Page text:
Problems With Clay Soil
Clay soils are heavy and do not drain well. They can be the death of some plants, such as citrus trees, which require good drainage. The opposite of heavy clay soil is sandy soil, but simply adding sand to your clay soil doesn’t solve the problem. Clay particles are the smallest, finest particles in soil. To be considered clay, a soil normally has 50 percent clay particles.
Clay soil has the worst drainage of all types of soil. Because many plants require good drainage in their planting area, check the texture of your soil before you plant anything: grab a handful of moist soil and rub it with your fingers. If it feels gritty or rough, chances are it’s sandy soil. If it feels sticky, almost like plastic, it’s likely clay. Clay soil will also form a lump that you will have trouble crumbling after you squeeze it into a ball. Adding organic materials such as compost will help give clay soil better drainage and will also provide nutrients to your plants. To be on the safe side, choose plants that don’t mind clay soil. Some of these include apple trees, lilacs, honeysuckle, aspens, elms, hawthorn and willow trees.
Slower to Warm Up in Spring
In areas that receive snow, spring can cause a clay soil to become waterlogged when the snow melts. Because clay soil is heavy, and the weather is still fairly cool, this type of soil warms up more slowly than humus or sandy soil, making it difficult to start spring vegetable plants that need a warmer soil in order to grow quickly into a strong plant.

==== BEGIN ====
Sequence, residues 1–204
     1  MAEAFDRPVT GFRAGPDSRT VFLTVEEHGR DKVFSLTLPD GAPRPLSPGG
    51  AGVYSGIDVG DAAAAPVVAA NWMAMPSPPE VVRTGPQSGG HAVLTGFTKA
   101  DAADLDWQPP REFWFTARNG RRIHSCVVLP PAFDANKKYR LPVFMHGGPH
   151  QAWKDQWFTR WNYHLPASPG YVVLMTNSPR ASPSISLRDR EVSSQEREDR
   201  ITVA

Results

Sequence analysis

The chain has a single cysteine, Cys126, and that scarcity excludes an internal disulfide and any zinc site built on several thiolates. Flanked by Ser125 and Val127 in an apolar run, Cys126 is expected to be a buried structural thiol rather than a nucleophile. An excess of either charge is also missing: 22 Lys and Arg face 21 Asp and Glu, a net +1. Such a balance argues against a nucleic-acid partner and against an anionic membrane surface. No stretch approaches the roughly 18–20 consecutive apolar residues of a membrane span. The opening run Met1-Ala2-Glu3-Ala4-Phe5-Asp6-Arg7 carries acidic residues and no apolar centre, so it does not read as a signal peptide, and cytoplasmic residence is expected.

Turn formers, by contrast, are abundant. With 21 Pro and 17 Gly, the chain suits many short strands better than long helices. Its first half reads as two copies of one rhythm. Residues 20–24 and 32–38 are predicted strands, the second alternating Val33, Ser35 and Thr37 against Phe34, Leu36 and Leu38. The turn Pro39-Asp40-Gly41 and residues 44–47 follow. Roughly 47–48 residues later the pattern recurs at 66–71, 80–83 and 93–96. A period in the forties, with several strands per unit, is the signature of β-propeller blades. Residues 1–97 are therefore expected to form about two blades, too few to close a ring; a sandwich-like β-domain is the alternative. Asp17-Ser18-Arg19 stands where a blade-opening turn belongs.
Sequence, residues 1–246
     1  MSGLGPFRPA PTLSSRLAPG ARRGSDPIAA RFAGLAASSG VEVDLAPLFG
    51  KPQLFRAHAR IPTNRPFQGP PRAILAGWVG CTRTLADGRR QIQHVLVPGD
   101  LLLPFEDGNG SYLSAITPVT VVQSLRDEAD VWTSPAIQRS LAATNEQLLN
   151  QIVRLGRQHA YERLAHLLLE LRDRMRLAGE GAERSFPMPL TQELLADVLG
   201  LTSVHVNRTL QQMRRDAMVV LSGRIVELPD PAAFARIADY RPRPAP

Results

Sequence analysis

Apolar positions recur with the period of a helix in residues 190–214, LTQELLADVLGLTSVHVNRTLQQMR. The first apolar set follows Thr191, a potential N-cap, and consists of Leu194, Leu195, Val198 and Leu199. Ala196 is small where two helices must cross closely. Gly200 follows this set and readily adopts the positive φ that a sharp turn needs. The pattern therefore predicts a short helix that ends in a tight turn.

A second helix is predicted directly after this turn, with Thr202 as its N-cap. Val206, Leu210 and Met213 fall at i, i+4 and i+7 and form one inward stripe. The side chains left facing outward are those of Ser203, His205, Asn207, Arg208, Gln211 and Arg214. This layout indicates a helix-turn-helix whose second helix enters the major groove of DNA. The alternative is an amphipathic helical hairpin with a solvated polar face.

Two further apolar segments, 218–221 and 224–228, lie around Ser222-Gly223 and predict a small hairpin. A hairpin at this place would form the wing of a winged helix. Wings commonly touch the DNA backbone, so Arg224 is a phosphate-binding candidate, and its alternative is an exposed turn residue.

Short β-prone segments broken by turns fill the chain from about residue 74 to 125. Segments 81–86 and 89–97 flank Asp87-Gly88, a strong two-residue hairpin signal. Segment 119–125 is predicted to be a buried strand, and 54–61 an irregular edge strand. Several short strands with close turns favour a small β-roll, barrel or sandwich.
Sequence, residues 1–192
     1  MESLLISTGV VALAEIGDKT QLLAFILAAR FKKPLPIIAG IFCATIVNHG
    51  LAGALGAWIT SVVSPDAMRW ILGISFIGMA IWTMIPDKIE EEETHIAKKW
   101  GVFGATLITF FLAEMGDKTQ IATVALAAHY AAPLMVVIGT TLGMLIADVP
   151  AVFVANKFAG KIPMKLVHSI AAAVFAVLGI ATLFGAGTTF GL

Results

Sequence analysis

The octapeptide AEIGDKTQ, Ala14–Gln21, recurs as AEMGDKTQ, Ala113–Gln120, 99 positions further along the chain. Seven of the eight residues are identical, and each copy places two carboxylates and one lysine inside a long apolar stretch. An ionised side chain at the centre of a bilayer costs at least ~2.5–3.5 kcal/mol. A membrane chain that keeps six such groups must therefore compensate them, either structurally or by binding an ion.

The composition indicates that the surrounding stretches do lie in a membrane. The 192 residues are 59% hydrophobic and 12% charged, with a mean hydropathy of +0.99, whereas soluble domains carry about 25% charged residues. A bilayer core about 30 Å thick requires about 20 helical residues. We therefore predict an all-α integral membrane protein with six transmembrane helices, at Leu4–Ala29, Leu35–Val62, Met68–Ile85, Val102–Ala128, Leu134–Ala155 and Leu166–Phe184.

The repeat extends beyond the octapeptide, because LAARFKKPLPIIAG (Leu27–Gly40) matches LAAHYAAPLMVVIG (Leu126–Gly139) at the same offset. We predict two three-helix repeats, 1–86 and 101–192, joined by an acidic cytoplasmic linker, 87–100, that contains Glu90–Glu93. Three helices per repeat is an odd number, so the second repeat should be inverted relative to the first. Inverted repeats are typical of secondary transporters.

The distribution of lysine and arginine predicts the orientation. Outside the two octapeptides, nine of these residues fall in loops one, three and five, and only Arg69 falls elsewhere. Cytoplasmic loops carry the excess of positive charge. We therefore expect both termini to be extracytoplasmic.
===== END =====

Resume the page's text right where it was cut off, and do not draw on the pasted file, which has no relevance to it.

Compaction and Alkalinity
If you live in a relatively new home, your soil might be heavy clay that earth-moving equipment such as bulldozers and backhoes have compacted. When soil is disturbed, clay can also rise closer to the surface. Often, a thin layer of topsoil is added after the heavy equipment has departed, which solves nothing and actually hides the problem of the heavy clay soil underneath.
Test your soil with an inexpensive soil-testing kit to determine whether it is acidic or alkaline. An alkaline soil is one with a higher pH--over 6.0 is considered alkaline. Plants such as tomatoes and azaleas need acidic soil, so correct the alkaline condition by adding sulfur to your planting area well in advance of putting your plants in--sometimes soil can take up to one year to readjust to a more acidic state after you add sulfur or an acid-based fertilizer.
Hard to Work With
Clay soil is heavy. You’ll know you have clay soil when you try digging a garden bed and find that your back and knees become tired after a short period of digging. Clay soil stays wet for a long time, which makes it heavier than sandy or loamy soils. When clay soil dries out, it can crack and seem as hard as cement. This situation makes it hard for plants’ roots to penetrate the soil and makes it nearly impossible for seeds to send their sprouts to the surface.
Add builder’s sand, gypsum and compost to help the heaviness, but avoid adding peat moss or composted manure. Some cities have yard-waste recycling programs--your city might offer compost to residents either free or for a reasonable price.